But you don't understand what I was saying.

    With a MediaMVP, the noisy PC stays in the other room. The MVP streams the
    video over your network (wireless "G" works fine).

    I'd avoid the X-Box route. #1, nobody wants to sit in the living room and
    watch somebody else play games. If you have kids, keep an X-Box out of the
    living room if you ever plan to be in there. #2, not only won't the one we
    have play any AVI files, it won't play anything except commercial DVD's -
    it won't play copies I make on any media, nor will it play ones I author
    myself on any media.

    So then, that only leaves toe Gateway Connected DVD Player, or the Kiss
    unit. The Kiss is the cheaper of the two at around $250. Add another
    hundred bucks for the Kiss unit.

    So why bother if he already has a DVD player?

    It makes a lot more sense if money is a factor to simply buy a dedicated
    streaming media adapter (or build a silent PC if money isn't a factor).

    At least that's how I see it...

    Or maybe wait and see if Lite-On can fix the mechanical issues in their
    set-top players. The LVD-2002 played mpeg-4 flawlessly, but mechanically
    the unit is so bad that nobody would want one in their entertainment
    center, which is why they took it off the market after only 3 months (I
    returned two of them for refunds).

    ~Keith
     
    Keith Clark, Apr 20, 2004
    #9
  10. Eugenio

    David Chien Guest

    following the PC route, the XBox is an alternative. It can play games,

    what games ?!? <grin> ,)= PS2 forever!

    Xbox is a route good only for those that have the patience, time, and
    know how to drop in a mod-chip, download the various
    OS/patches/utilities/apps to get multimedia player capabilites, and to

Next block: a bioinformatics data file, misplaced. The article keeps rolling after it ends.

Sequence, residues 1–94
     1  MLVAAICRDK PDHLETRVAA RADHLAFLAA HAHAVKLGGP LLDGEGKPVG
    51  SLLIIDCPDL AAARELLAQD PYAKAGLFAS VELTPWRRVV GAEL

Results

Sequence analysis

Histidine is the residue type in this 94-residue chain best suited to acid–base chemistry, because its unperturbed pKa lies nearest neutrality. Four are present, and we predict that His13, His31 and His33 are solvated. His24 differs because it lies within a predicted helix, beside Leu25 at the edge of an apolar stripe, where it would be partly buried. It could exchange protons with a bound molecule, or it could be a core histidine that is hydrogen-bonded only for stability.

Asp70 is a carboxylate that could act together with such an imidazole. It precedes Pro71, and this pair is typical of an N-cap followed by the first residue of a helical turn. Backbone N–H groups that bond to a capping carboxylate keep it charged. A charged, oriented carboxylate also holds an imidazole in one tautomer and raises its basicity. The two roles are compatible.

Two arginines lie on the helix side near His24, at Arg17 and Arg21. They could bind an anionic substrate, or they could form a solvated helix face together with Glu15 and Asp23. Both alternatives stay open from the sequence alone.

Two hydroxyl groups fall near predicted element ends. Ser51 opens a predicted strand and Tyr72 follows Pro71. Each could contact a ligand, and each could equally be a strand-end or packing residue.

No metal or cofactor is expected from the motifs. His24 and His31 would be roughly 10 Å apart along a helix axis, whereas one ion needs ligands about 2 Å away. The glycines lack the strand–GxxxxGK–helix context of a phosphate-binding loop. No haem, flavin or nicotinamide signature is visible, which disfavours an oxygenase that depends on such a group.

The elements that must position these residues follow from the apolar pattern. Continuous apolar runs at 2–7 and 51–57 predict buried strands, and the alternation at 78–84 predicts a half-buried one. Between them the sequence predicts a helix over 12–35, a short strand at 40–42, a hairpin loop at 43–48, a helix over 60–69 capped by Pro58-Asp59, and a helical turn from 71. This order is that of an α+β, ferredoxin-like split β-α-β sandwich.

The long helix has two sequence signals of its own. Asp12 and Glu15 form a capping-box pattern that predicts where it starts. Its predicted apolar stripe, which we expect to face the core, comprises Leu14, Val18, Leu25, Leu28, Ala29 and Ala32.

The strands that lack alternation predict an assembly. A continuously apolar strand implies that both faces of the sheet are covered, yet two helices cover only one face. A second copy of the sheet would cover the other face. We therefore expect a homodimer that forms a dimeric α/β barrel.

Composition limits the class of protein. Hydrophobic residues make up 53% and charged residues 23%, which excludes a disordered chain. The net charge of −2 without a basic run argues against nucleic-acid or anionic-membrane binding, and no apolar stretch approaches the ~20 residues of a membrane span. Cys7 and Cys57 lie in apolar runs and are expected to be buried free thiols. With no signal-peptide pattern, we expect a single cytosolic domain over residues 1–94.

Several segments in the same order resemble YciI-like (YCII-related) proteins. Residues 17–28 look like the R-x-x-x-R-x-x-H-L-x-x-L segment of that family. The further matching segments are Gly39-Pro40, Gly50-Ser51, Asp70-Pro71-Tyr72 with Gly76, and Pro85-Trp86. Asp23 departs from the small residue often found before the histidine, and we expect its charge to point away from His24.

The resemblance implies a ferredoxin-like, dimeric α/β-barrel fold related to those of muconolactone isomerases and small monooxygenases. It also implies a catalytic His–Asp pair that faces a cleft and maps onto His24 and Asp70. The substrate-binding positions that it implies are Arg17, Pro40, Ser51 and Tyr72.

'unlock' the device, etc.. Certainly not a plug&play device for most
    users who desire a DVD player that can play the most popular formats
    easily...

    some sites that give you instructions:
    http://xbox-linux.sourceforge.net/
    http://www.xbox-scene.com/
    http://www.xboxmediacenter.com/

    have fun!

    (and yes, far easier to even build & install Windows on a tiny
    Shuttle XPC multi-media PC lunchbox instead....(another good PC + games
    + videos in a small box you can put next to the TV option))
     
    David Chien, Apr 20, 2004
    #10
  11. Eugenio

    Bariloche Guest

    XVid, I won't use it. I've tried, and tried, and tried, and always
    stumbled. May be one day there are no more RC versions, but a good
    one, and easily configurable too. I would not like to use DivX
    networks codec, but so far it's the only one that has worked allright
    for me. And I've tried Dicas mpegable AVI, 3ivx, and God knows what,
    but all of them were not up to DivX in one way or other. Not implying
    DivX gives good quality, but only so-so.

    As an easy route from tape to Dvd, I've tried capturing directly to
    DivX, but it doesn't give good results either. Somehow it doesn't give
    the same results as a post-capture encoding.

    As for Linux, I really want to try it. It's only its c-ish tone that
    scares me. I'm not afraid of the command line. In fact, I use it a
    lot. And I can program a GUI as needed. But I cannot bear the C syntax
    (I'm a Pascal or even assembly programmer, but never C). And the
    Unix/Linux world is the epitome of C-ism in many a way.

    You go to the webpage of a software, and the more you read the less
    you know what the software is intended for? Easy: it's C-ist. All sort
    of switches, and nobody tells you what they are meant for.
    Hmmm... Interesting. I now see the difference with the XCard (that MVP
    is an external device) can be really important. Thank you for the
    information; I'm going to better study this possibility.
    They can be made to play anything, with the help of a chip, software.
    That certainly makes it even more costly. But the good thing is if you
    have a .mov, you don't need to convert it. I have some material I
    would not like to lose, but I would not take the pains to convert
    either. With a computer, you ready for any new formats.
    How does one build a silent PC? Noise and size are the main things for
    a multimedia PC player.
     
    Bariloche, Apr 21, 2004
    #11
  12. Eugenio

    Igor Guest

    If you have the LiteOn series of DVD players ...

    And if you don't?
     
    Igor, Apr 21, 2004
    #12